Lacunas Everywhere

I’m told that in Czech, the word “prozvonit” means “to call a mobile phone and let it ring once so that the other person will call back, saving the first caller money.”

Image credit: AstridWestvang (Flickr)

How would you translate this word to someone in New Guinea who has never experienced electricity, let alone a telephone or a bill from Verizon? You wouldn’t. This is an example of a “lacuna“–a translation problem caused by semantic gaps in a target language. Lacunas occur in programming languages. You might know a few; maybe you wish C++ had python-style generators–or that Java had Haskell’s notion of pure functions–or that C supported PHP-style string interpolation. But what if I told you that semantic misalignment between any pair of programming languages is just minor details? What if I claimed that all programming languages I’ve used have numerous, pernicious, and expensive semantic gaps? That we don’t see these gaps for the same reasons that a stone-age hunter-gatherer fails to notice his inability to discuss patterns of cell phone usage? Would you think I’m crazy? Continue reading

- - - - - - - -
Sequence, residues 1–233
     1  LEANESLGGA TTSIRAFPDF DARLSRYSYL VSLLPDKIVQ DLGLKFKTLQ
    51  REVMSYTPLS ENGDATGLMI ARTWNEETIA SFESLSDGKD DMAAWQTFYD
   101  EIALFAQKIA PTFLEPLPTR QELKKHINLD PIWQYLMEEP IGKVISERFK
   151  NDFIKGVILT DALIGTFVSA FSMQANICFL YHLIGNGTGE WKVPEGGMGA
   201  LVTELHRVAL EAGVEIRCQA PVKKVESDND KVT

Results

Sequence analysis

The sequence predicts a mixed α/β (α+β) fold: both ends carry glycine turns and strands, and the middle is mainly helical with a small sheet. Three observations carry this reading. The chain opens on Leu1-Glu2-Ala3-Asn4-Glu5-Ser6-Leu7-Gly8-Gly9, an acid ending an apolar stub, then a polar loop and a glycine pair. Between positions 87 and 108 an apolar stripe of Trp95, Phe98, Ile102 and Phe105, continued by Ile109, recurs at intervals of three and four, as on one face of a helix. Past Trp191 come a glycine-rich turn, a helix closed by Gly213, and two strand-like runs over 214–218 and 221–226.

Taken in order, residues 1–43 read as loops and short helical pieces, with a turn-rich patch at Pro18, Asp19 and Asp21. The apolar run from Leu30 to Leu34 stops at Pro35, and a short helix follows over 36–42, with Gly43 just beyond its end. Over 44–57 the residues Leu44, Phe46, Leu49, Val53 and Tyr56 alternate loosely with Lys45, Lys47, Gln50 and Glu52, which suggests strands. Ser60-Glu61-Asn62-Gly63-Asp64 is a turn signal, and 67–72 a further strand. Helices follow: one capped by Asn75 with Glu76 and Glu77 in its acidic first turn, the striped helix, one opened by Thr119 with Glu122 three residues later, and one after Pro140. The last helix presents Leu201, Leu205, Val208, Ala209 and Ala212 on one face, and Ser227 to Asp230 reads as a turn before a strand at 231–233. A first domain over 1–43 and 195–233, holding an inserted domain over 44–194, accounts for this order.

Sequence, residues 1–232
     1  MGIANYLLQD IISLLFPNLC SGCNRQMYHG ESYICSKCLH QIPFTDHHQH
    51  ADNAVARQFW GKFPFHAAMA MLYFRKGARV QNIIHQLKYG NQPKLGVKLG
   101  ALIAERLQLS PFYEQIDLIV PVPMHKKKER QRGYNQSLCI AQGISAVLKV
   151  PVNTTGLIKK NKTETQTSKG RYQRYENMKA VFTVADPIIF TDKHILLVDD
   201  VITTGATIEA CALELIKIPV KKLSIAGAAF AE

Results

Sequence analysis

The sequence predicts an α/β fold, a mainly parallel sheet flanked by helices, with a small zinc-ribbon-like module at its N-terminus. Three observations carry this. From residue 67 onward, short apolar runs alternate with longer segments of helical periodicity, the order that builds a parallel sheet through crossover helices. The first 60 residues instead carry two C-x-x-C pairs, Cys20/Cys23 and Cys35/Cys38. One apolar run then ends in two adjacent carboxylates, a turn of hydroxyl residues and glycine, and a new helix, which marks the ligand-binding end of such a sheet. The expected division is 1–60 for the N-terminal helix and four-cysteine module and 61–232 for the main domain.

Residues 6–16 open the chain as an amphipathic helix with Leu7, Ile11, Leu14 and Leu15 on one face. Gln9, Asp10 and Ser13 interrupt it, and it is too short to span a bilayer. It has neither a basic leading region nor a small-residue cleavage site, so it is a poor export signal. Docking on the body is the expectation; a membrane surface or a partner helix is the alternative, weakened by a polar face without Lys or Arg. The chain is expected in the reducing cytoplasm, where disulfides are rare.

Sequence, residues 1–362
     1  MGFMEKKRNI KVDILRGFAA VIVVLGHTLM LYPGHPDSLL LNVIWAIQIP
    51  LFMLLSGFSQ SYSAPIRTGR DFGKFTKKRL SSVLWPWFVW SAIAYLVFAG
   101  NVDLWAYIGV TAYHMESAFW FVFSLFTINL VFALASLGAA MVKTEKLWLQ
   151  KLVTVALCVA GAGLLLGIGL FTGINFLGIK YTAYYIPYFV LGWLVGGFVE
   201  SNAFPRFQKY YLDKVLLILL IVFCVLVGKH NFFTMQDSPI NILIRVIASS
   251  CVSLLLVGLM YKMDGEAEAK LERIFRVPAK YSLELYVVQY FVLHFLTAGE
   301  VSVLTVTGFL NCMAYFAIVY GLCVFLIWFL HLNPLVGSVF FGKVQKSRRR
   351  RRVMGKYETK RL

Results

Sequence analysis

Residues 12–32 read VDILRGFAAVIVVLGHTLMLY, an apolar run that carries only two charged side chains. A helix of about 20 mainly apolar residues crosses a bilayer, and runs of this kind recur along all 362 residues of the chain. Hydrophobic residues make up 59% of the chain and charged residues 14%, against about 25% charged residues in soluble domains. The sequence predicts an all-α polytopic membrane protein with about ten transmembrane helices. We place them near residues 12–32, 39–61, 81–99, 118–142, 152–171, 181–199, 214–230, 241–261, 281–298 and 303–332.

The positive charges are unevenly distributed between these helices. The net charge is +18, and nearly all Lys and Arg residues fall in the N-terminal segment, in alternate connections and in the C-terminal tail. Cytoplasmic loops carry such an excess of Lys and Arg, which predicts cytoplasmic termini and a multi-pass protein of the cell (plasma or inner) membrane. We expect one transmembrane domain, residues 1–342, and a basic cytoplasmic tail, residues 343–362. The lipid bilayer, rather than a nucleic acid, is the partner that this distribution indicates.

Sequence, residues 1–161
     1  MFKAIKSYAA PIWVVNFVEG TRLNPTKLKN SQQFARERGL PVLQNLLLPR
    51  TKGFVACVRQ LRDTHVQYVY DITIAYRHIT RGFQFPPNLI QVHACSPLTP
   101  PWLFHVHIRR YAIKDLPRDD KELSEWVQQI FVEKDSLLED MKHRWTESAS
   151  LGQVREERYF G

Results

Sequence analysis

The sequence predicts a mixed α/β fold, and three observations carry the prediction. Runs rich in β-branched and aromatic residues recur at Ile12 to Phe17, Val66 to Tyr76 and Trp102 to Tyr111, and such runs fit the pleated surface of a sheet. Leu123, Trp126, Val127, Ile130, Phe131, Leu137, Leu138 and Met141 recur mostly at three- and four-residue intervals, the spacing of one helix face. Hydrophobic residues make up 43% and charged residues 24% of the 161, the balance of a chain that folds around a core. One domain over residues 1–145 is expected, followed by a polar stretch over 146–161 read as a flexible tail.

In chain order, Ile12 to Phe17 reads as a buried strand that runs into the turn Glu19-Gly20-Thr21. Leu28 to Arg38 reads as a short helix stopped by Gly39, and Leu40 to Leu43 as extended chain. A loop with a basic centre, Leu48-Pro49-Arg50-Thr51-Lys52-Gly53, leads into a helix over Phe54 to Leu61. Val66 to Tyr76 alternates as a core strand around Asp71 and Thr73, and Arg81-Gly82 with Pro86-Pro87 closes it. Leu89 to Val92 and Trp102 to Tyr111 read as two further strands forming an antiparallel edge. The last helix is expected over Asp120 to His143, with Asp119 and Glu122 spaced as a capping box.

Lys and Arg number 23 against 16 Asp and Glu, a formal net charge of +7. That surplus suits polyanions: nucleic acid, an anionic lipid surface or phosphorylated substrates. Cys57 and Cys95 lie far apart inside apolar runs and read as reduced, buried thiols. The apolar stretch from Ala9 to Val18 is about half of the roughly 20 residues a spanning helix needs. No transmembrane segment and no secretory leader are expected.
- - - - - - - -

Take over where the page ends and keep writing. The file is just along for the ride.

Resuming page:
Encapsulation isn’t just for code

When computer science folks talk about encapsulation, they are usually thinking of how the principle applies to objects and functions inside a codebase. Best practice calls for a separation of concerns–each object responsible for one type of work, hiding all details from its neighbors.

That’s great. But it’s not the only way encapsulation ought to show up in software.